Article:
In addition, there are certain things to keep in mind . most importantly some people (including some surgeons) have looked at sleep surgery as being one procedure for everyone, primarily soft palate surgery (uvulopalatopharyngoplasty, or UPPP). But may require other procedures on tongue base , lateral pharyngeal folds for proper results.
Surgical results are unpredictable when the same procedure is performed in everyone. Although it is impossible to make guarantees in medicine, many studies show that it is possible to improve surgical outcomes through careful evaluation of patients and selecting procedures that are best for an individual patient. The importance of patient evaluation is widely recognized by surgeons
Don’t dismiss snoring as “natural”
Often, snoring is dismissed as a natural part of aging. While it’s true that snoring can increase over time with age and weight gain, it should not be accepted as a part of life. It can and should be treated – for the sake of the snorer and their partner both.
Don’t underestimate the health risks
More than just a noisy nuisance, snoring and sleep apnea can have serious health consequences. OSA sufferers usually move out of deep sleep into light sleep when their breathing pauses, and this lowers the sleep quality. OSA also triggers the release of stress hormones and therefore can make you feel tired and sleepy during the day. In addition, there are several potential health hazards of inadequate sleep, such as weight gain, memory loss, skin aging and more.
There is also definite evidence that OSA leads to a greater risk of high blood pressure, heart attack, stroke, congestive heart failure, atrial fibrillation,congestive cardiac failure, cardiac arrhythmias, diabetes, certain cancers and even sudden death. Treating OSA can decrease these risks.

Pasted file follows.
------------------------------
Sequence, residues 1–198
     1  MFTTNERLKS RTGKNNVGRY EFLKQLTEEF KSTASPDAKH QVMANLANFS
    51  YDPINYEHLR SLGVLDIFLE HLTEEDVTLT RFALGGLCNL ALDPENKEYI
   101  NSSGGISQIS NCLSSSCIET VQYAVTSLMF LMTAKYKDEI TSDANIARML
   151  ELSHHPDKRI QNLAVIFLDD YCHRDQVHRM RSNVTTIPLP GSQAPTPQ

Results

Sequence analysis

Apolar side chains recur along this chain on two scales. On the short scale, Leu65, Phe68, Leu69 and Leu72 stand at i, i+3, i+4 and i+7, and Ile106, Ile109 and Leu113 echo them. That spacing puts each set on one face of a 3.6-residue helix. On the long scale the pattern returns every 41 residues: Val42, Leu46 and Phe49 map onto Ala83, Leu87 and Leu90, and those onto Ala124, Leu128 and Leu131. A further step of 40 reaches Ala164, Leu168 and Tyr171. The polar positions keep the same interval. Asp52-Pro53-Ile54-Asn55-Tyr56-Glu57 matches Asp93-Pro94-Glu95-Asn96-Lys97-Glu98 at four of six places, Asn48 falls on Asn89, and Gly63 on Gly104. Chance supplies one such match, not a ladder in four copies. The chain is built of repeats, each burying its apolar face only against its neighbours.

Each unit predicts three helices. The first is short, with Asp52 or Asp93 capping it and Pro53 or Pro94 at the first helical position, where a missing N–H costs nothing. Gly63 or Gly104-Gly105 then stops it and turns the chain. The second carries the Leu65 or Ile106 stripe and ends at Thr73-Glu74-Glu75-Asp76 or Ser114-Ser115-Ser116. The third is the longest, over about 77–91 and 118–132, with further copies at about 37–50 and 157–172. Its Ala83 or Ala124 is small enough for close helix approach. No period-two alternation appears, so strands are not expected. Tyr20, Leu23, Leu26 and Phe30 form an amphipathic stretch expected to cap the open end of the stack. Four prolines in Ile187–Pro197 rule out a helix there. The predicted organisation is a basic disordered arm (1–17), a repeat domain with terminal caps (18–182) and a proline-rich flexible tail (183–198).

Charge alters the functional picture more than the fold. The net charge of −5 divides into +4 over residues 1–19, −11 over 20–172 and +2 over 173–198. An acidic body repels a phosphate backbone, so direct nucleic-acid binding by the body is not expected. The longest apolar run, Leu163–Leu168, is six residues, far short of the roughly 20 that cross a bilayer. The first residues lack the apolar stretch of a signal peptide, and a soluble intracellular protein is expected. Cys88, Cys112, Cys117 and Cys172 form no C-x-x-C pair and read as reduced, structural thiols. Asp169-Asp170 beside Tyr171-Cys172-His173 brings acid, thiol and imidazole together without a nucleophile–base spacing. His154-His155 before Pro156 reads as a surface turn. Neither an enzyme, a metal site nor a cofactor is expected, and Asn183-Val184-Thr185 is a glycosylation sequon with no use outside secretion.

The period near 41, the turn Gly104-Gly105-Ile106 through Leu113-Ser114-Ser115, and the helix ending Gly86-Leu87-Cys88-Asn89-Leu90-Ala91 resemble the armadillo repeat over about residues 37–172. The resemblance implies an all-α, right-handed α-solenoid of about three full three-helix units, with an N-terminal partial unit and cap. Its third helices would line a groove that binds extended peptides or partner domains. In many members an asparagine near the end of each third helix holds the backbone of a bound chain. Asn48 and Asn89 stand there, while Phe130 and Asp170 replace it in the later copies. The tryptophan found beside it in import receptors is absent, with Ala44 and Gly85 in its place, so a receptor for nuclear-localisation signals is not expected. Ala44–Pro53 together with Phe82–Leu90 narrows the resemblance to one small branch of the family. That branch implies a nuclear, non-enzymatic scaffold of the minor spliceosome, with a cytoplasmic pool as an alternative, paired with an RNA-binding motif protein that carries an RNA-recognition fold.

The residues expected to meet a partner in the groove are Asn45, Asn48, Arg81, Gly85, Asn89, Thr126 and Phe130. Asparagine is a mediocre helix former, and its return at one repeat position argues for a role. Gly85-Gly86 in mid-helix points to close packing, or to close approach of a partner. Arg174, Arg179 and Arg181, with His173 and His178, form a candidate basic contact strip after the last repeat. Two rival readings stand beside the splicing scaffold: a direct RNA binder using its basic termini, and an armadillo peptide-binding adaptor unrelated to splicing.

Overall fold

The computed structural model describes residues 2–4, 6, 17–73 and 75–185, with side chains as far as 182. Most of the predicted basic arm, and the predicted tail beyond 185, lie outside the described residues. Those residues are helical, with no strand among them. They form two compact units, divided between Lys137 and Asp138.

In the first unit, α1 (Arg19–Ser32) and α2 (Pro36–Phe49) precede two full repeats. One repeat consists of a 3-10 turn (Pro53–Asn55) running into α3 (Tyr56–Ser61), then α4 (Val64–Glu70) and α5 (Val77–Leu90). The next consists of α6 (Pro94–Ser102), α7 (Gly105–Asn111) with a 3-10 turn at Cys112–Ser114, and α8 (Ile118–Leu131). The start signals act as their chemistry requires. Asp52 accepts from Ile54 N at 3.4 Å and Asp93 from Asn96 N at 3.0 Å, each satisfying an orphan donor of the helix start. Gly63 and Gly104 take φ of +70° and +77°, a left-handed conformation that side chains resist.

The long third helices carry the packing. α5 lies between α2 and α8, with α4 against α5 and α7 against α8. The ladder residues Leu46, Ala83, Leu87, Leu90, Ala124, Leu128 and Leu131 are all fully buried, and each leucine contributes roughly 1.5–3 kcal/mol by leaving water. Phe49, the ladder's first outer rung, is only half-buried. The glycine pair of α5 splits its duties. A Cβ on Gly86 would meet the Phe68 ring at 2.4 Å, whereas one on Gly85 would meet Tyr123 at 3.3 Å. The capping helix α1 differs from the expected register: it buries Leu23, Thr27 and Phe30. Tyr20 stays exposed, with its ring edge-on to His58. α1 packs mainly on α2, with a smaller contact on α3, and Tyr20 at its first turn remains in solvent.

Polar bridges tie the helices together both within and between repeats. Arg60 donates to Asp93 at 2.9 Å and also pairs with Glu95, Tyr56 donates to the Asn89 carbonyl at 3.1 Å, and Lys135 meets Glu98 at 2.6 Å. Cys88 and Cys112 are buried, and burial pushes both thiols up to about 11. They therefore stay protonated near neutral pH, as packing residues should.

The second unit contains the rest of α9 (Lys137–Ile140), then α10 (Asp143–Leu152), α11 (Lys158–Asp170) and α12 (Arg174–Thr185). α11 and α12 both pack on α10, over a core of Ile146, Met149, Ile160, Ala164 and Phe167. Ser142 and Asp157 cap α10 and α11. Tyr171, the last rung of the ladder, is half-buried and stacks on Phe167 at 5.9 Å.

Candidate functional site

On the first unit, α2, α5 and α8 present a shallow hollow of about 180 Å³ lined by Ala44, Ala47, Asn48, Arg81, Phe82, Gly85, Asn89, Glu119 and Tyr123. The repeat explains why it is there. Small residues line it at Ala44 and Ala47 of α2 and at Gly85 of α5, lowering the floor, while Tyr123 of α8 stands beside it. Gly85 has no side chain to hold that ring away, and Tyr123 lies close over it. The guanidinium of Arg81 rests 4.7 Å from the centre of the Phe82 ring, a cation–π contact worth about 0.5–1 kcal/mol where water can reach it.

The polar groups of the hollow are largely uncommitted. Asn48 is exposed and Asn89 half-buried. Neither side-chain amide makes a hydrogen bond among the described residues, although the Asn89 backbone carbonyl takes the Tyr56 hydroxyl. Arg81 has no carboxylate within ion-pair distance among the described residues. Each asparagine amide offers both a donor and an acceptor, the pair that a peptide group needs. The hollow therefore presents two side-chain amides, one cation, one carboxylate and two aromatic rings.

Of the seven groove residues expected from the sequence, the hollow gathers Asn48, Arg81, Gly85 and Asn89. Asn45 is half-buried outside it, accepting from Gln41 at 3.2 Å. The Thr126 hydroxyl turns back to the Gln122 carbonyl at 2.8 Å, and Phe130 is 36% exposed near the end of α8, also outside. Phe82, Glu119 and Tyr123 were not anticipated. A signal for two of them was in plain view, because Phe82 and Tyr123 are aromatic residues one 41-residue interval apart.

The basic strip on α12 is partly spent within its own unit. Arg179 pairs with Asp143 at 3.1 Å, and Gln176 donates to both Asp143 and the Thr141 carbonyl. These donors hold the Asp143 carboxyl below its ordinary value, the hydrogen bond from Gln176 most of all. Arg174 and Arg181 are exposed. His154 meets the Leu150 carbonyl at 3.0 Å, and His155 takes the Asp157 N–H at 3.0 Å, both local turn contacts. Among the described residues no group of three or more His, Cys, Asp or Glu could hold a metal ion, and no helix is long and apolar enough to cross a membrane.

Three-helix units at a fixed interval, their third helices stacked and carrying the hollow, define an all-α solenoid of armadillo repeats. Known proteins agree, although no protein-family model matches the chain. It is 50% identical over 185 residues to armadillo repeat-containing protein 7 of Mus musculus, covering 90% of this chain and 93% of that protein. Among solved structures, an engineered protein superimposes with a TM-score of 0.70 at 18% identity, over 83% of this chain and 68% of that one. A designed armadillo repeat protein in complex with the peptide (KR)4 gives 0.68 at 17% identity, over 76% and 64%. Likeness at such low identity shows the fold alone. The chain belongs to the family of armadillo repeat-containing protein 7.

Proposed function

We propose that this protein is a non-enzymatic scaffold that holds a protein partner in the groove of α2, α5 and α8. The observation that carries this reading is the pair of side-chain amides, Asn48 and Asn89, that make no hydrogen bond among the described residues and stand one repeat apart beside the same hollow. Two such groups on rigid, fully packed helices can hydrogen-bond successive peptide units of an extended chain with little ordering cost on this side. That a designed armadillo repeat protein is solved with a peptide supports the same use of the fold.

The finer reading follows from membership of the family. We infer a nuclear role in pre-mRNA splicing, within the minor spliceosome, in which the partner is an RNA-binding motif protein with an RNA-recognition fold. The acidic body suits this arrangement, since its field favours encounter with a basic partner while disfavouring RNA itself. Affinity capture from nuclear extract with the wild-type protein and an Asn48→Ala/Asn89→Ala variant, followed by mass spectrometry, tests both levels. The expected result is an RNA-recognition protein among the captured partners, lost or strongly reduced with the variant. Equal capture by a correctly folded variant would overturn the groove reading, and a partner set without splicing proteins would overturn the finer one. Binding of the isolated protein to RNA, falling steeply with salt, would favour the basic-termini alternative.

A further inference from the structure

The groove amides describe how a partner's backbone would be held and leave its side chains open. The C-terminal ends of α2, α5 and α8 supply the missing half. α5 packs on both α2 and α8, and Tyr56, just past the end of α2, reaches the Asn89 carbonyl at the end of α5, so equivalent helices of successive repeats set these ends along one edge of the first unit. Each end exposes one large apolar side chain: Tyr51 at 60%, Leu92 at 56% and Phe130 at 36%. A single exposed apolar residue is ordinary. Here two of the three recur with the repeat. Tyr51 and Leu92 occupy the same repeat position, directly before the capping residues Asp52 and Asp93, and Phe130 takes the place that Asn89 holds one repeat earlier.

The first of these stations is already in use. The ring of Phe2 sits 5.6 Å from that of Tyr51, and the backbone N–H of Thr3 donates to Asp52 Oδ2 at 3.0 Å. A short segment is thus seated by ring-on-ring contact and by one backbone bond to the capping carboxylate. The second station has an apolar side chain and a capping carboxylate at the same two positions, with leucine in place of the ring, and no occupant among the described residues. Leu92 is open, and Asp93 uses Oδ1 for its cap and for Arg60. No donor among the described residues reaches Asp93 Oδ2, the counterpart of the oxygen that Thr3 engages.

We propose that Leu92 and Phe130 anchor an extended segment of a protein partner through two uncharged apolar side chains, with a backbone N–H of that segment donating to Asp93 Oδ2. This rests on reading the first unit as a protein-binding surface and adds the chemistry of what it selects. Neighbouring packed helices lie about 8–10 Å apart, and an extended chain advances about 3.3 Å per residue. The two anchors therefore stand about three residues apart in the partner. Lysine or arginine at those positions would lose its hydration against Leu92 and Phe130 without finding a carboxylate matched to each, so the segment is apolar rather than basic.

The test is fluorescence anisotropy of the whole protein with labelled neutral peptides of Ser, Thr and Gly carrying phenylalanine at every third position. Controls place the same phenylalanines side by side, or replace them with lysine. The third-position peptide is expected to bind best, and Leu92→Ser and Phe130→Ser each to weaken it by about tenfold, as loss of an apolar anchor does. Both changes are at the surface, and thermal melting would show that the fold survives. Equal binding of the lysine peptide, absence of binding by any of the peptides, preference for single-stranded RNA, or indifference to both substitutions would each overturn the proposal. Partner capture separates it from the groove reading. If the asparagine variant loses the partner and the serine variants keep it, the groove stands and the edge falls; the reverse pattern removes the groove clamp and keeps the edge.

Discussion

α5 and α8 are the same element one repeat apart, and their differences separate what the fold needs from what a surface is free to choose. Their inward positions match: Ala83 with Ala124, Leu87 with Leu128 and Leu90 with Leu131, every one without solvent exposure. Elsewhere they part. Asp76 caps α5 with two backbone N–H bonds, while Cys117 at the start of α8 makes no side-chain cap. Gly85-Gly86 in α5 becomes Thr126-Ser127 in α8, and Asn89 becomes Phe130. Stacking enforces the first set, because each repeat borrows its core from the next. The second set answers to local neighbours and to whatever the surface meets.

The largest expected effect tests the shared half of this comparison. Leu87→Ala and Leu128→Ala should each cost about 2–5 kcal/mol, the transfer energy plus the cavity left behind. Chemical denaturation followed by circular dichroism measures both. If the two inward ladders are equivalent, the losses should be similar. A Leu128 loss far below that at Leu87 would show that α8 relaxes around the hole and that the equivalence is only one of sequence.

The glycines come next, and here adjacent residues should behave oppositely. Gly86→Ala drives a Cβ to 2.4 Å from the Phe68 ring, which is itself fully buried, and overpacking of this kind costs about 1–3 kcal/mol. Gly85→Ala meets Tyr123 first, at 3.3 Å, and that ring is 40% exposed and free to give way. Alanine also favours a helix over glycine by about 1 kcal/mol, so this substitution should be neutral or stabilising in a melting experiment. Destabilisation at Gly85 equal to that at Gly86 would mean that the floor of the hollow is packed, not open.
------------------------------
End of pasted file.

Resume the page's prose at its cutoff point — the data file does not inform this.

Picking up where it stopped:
Don’t forget that while you’re sleeping, others are not.
While the snorer may not feel that the condition is disrupting his or her sleep, the partner being kept up all night by the noise may feel differently. Relationships can severely suffer if partners are irritated about being kept awake or having to sleep in separate rooms. According to a recent study, over 41 percent of women say they need a good night’s sleep instead having it interrupted by a snoring partner. The lack of sleep or need for nighttimes separation can foster resentment and disturb relationships.
There are additional health risks from lack of consistent high-quality sleep, including being more prone to accidents, difficulty focusing, impaired attention, and alertness. This lack of sleep can promote weight gain while also accelerating the aging of the skin and brain.
COMPACT LESSON TO BE LEARNT
Your health depends on getting enough sleep. If you or your partner experience any symptoms of snoring or sleep apnoea, consult a SPECIALIST. There are definite treatments available, and you can get your restful nights back.